Personal development: Managing self and relationships

It’s more fun to work on strengths than weaknesses (but it may not be better for you)

Buckingham and Clifton (2001) argue that companies and individual employees should focus on building on their strengths, rather than correcting their weaknesses. They suggest that attempting to correct weaknesses is often futile and dispiriting, while working on strengths typically leads to positive emotions which help maintain one’s efforts.
These arguments make sense in theory, but are they empirically correct? To test this hypothesis we (a psychology 101 class) undertook the following experiment. First, almost all students in the class (N=320) took the VIA inventory of strengths to identify each person’s top strengths, as well as each person’s lowest scoring strengths (hereafter called “weaknesses†). Next, the class was divided in half by day of the month on which one’s birthday fell. Students in the “strengths-first†group were asked to perform an activity that employed or built on one of their strengths, every day, for two weeks. Students in the “weakness-first†group were asked to perform an activity that employed or built on one of their weaknesses. Each student picked a strength or weakness from a list of 120 suggested activities that had been previously drawn up by a team of students in the class (see appendix). Students were free to make up their own activities, but the great majority picked a listed activity. After two weeks, everyone switched activities so that those in the strengths-first condition now picked a weakness to work on for the next two weeks, while those in the weakness-first condition picked a strength to work on for the next two weeks.
At each of the three important times in the study participants were asked to fill out a web survey to assess how their lives and moods were going. Time 1 was just before starting the first activity. Time 2 was the switching point, after two weeks, and Time 3 was the end of the study, after working on the second activity. The three assessments included identical sets of dependent variables, including: Self Esteem (Rosenberg’s 10 item self esteem scale); Frequency of Good and Bad events (a self report of the number of times that various things happened in the week before the assessment); Health Problems (assessed both by symptom checklist and by ratings of the number of days with health problems), and an overall assessment of subjective well being (SWB), on a 9 point scale. Most of the dependent variables were assessed on a website that we created for the class. This website then sent participants on to a website run by Michael Hagerty at U.C. Davis that assessed the health and SWB measures. This second website is part of a larger project evaluating the effects of positive psychology interventions.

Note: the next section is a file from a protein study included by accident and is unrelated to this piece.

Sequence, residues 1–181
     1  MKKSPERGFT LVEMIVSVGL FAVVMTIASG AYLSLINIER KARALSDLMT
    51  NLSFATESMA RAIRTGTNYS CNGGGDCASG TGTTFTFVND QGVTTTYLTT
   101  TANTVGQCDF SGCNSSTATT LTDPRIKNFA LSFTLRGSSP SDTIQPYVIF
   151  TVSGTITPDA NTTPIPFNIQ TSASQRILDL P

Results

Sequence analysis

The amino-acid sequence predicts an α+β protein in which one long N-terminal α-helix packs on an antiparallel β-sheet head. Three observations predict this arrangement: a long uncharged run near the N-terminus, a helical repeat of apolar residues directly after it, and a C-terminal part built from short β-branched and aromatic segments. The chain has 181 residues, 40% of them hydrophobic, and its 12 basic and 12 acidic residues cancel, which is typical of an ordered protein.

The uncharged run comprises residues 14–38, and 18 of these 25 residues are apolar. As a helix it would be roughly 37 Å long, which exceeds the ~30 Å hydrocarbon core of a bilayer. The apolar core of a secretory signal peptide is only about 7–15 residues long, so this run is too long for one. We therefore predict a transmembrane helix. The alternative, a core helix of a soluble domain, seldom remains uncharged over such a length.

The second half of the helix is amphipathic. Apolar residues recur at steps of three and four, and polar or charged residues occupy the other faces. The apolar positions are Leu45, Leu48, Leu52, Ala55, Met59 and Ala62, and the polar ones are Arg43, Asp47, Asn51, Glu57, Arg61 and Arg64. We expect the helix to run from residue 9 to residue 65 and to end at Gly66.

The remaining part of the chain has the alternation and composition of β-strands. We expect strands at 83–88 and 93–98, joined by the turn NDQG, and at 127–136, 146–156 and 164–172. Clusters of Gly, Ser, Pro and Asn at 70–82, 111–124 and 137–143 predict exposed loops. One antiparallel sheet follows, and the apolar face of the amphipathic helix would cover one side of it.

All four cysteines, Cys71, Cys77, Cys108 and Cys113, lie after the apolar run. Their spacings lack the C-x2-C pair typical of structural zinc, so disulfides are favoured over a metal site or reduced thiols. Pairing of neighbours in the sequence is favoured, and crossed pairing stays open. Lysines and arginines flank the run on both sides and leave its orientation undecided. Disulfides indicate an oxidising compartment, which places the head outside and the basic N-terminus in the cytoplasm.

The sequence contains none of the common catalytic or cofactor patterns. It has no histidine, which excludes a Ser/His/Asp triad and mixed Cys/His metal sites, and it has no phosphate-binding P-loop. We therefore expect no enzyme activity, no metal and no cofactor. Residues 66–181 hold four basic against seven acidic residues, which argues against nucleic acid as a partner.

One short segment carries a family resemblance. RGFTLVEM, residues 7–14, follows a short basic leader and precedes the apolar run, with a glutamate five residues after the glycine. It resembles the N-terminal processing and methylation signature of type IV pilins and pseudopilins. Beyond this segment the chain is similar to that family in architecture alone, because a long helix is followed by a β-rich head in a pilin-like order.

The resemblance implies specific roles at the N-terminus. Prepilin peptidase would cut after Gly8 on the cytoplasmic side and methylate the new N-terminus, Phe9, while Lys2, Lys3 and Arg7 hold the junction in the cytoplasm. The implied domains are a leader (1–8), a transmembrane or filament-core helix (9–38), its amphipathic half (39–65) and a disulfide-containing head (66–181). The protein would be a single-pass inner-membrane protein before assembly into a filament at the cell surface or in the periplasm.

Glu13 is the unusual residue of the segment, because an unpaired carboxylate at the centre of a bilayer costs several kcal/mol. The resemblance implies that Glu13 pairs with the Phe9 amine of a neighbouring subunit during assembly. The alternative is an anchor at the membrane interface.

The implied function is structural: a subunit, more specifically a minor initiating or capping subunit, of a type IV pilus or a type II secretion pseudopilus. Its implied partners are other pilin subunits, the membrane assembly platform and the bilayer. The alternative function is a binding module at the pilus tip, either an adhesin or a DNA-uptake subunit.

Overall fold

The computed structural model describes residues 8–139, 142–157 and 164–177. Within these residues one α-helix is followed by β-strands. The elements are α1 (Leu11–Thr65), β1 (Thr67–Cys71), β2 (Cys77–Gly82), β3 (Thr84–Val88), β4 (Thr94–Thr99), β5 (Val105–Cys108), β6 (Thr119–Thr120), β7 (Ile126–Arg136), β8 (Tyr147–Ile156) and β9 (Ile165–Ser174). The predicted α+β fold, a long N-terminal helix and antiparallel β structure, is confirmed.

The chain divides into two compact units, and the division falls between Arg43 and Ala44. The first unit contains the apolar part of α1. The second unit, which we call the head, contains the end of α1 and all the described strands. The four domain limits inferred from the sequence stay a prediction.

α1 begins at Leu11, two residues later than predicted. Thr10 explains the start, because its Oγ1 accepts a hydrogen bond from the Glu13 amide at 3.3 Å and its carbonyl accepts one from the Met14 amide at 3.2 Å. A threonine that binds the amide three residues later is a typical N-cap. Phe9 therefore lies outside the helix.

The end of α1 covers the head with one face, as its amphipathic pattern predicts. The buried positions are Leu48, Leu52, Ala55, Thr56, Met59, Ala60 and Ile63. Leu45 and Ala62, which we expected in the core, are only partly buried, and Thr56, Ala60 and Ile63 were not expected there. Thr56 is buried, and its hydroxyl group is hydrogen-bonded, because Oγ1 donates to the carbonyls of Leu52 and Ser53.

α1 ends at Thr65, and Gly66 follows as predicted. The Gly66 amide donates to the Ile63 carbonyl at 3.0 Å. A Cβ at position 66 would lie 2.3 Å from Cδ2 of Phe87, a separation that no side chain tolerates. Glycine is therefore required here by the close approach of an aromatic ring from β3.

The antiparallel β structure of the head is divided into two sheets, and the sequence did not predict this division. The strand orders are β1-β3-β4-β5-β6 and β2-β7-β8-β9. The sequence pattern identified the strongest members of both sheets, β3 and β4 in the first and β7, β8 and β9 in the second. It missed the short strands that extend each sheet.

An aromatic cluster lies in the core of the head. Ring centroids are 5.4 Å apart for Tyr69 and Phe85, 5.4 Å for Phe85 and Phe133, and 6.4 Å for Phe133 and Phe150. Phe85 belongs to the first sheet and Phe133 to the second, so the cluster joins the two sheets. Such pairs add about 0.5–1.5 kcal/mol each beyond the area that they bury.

The principle hypotheses were 1) that working on a strength would have beneficial effects on most of the dependent variables (compared to baseline assessment), and 2) that working on a strength would be more beneficial effects than working on a weakness. We had no prediction as to whether working on a weakness would lead to a decrease or just to a smaller increase on the main dependent variables. The whole class was kept blind to these predictions, which were not revealed until after the study was over.

Participants and Analytical Strategy:
Participants were 289 students at the University of Virginia who completed the first assessment (47% male). However because of the difficulty of matching up data from two websites for each of three sessions based on a private 5-digit identification number that each student typed in each time, some data was lost as the study went on. Only 218 students completed both the first and the second assessments, and only 192 students completed all three assessments. Many more students did one or two phases of the study and some others even completed all three assessments, but because students often forgot or mistyped their identification code, many entries could not be matched up across assessments.
Because of this difficulty the main analytical strategy followed here is to focus on changes from the first to the second assessment. This strategy preserves a higher N (218), and it also simplifies the interpretation of results, since it reduces the original “cross-over†design into a straight across-subjects experiment where half worked on a strength and half worked on a weakness.
In all cases the analysis the analyses focus on 10 dependent variables:

1) Enjoyment. Participants were asked to rate at T2 and T3 how much they enjoyed doing their daily activity. [5 point scale, from disliked it strongly to enjoyed it strongly]
2) Self-Esteem. Participants were given the Rosenberg Self Esteem scale at T1, T2, and T3.
3) PosEvents: sum of frequency of 7 positive events in last week (feeling flow, excited by something in class, helped someone, felt love in a conversation, someone confided in me, initiated a conversation with someone I wanted to meet, and went somewhere new out of curiosity). Each rated on a 5 point scale from “didn’t happen†to “more than 7 times in the last weekâ€
4) NegEvents: sum of frequency of 3 negative events (I lost my temper at someone, I lost my temper at some frustrating thing, I turned down an invitation to do something social).
5) HealthProbs. Number out of 14 possible health problems experienced during past month. [Note: ideally this would have asked about the past week, but this question was part of the already existing web site]